South-east Asian nations are swallowing an outflow of money from India, as foreign investors lose patience with its policy paralysis and slowing growth, and aim instead for more-promising emerging markets such as Indonesia.
Corruption scandals and high inflation have added to the woes of India, which has seen growth slow to a three-year low while the fiscal deficit widened to 5.9 per cent of gross domestic product in the last financial year.
"India was sold on the promise of high growth, which simply hasn't panned out over the past four years," said Mr Gautam Prakash, founder of United States-based hedge fund Monsoon Capital.
Foreign investors pulled a net US$540 million (S$678.5 million) out from India in March and April, compared with US$13 billion in inflows from January to February.
Foreign portfolio flows into Indian stocks have dropped 99 per cent to just 5.17 billion rupees (S$120.8 million) since a March budget that largely disappointed investors, compared with 427.4 billion rupees this year before the budget.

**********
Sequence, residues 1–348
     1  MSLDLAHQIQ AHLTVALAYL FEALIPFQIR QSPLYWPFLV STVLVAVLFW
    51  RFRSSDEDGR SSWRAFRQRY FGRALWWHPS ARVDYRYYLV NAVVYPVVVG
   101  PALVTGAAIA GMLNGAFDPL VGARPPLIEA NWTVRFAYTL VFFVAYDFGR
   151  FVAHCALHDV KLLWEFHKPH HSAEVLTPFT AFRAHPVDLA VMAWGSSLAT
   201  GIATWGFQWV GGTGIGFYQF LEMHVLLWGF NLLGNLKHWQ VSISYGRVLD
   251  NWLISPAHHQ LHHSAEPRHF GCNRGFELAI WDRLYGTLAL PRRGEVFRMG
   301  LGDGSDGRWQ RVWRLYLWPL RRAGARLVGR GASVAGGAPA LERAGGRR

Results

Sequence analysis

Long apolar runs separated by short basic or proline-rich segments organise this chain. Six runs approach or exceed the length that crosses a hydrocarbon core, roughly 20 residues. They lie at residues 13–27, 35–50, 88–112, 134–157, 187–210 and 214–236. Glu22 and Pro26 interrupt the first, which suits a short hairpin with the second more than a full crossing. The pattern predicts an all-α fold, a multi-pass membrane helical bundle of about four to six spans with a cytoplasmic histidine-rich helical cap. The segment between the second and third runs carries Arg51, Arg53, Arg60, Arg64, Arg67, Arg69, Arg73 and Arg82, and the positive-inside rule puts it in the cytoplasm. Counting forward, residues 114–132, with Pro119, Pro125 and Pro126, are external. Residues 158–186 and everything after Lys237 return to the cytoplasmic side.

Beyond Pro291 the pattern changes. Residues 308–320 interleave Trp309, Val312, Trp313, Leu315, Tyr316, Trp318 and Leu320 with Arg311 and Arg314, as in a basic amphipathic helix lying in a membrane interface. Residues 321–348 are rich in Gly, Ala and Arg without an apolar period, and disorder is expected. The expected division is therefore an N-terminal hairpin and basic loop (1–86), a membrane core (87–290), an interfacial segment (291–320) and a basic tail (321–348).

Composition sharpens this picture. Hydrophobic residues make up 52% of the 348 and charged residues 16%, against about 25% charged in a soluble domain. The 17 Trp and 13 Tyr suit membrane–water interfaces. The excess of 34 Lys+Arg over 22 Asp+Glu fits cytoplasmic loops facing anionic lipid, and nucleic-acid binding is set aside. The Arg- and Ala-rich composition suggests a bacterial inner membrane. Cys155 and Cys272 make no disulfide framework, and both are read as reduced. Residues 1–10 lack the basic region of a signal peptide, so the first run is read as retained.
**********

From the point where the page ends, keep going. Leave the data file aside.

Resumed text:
Among the most significant developments from the shift has been the direction in which money is headed - with a big chunk flowing to Jakarta and other South-east Asian capitals.
Two provisions put forward in the budget to tax indirect investments and combat tax evasion were the last straw for some global mutual funds, prompting an acceleration of money leaving India.
While the provisions were later put on ice, the fact that such a tax could be proposed in India was enough for some investors to send their Asia-allocated money further east.
"You're seeing a situation where the 'I' in Bric is being replaced by Indonesia," said Mr Tim Condon, head of research and strategy for Asia at ING.
An emerging-market brochure distributed by Franklin Templeton last month had data on India missing from a world map.
From a global leader in emerging-market investing, led by omnipresent guru Mark Mobius, that omission was telling.